A paramedic who died serving others
THIS column is dedicated to the unsung heroes in our community. They are not superhuman. They are ordinary people, like you and I.
The recent devastating freak storms that ravaged parts of Gauteng and KwaZulu-Natal brought a large number of these extraordinary humans to the fore.
The sad case of ER24 paramedic Vicky Govender caught my eye and I dwelt on it for days.
On October 10, Govender and his ambulance partner, Tracy Bederson, braved the storm and rushed around attending to emergencies.
They rushed to a collision on the N2 when they lost control of the response vehicle in the flooded roads.
Both were rushed to hospital, but sadly Govender lost his life three days later.
A lifesaver, a husband, devoted father and hero. Gone too soon.
Floods of messages of condolences came in for the deceased showing that his death touched the psyche of the nation.
Sympathy messages came from qualified paramedics from afar as Gauteng who said they had trained under Govender and he had made a difference in their lives.
ER24 spokesperson Werner Vermaak explained the jobs of people like Govender.
“They place their lives on the line. They go in where the majority of members in the public or general people would not.
“When you are at your worst condition, they are the people that answer the call and go out to assist. They do not think twice to go out and assist people that need help.”
On a more personal level, one of my best friends, Sanjay Laljith, local actor and fire department employee, knew Govender and attested to his being a likeable and dedicated paramedic.
It was said that he always had a smile on his face, was always ready to help his fellow human being and was a role model in the Merebank community.
His wife and three children bade goodbye to him that morning but could never have imagined the finality of that goodbye.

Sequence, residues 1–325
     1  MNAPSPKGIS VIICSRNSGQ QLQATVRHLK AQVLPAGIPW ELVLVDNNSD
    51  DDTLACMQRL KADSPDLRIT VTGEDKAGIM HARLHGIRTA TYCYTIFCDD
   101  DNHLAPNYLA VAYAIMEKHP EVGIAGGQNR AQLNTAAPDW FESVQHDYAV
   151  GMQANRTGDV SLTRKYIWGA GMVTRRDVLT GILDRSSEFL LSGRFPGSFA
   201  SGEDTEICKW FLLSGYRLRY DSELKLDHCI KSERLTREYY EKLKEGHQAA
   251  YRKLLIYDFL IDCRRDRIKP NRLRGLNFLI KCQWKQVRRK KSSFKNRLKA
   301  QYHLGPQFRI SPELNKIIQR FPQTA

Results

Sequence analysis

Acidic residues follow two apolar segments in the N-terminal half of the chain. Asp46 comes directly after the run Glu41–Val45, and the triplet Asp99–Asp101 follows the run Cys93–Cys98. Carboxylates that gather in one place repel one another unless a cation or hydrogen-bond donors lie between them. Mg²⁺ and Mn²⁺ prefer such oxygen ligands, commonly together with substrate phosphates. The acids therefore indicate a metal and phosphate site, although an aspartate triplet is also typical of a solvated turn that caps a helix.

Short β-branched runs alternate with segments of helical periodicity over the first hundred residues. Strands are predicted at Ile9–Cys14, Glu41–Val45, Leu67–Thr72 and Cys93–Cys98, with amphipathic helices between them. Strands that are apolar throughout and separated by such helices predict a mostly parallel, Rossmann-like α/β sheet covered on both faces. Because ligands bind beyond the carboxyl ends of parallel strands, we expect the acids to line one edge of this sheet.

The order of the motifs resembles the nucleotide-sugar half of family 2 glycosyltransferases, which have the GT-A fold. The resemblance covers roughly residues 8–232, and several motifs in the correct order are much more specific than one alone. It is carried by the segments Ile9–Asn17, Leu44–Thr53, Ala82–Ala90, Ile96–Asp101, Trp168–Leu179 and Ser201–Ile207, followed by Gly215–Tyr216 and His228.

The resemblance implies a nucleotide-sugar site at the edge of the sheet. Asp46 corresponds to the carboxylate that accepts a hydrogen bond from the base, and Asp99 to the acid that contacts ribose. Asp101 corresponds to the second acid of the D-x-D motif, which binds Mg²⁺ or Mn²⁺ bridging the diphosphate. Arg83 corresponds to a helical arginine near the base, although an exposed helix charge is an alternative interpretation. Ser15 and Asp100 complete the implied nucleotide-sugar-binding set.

So too with other lifesavers, such as firemen and police officers.
They put their lives on the line for us daily. However, sadly, they only come to our consciousness when one of them dies or is hurt in the line of duty.
Also, like Govender, most of these people have families. Think seriously about their family life.
Their loved one can be taken away from them at any time. Every moment spent with their dad or mom is a very precious time.
Yet they unselfishly allow them to go out there on our behalf and look after our well-being.
To serve and protect total strangers. To take a bullet for you. To give their life for me.
I would say the families of these men and women, who serve us are quite the heroes themselves.
I would like, through the medium of this column and newspaper, to thank them for the sacrifices they make in sharing their loved ones with us.
We read about crooked policemen and also traffic officers soliciting bribes to quash a fine, and we can make the mistake of tarring all of them with the same brush.
However, your father may be a police officer, or your uncle or grandfather could have been one.
Surely you would not, in your wildest imagination, believe that they are, or could have been, corrupt.
Let’s commend these brave souls. It can even extend to security officers that respond to home alarms. Their jobs are risky too.
I would be remiss if I did not mention Prem Balram and his Reaction Unit South Africa (Rusa) that operates out of the North Coast.
Their success rate in catching and apprehending criminals, who prey on innocent households is off the radar.
It has been said that residents in danger call Rusa before any other law agency. Balram and his team put their lives on the line regularly.
So too does his compadre, Rivaaj Ramdas, who is in charge of a “brotherhood” of crime fighters.
They do a sterling job in assisting the public and rooting out criminals.
What is commendable about both groups is that it’s not just playing “cowboys and crooks” or “cops and robbers”.
Whenever there is an emergency, whatever it is, they are on the scene assisting. Be it removing a tree that has fallen across a road or rescuing a pet, they rise to the occasion.
In the storm that struck KwaZulu-Natal, both groups were prominent in assisting the beleaguered communities, working late into the night helping people with flooded homes and other disasters.
So, as our dedicated police and security officers daily face armed criminals, or a firefighter faces a deadly back-draft in a blazing building – pray for them.
Pray that God keeps them safe and protects them.
Hopefully they will go back home to their loving families and all will be good again.
Until the next day.
Ravi Govender is an entrepreneur and philanthropist. E-mail: email@example.com
Paramedic Vicky Govender was a lifesaver, a husband, devoted father and hero.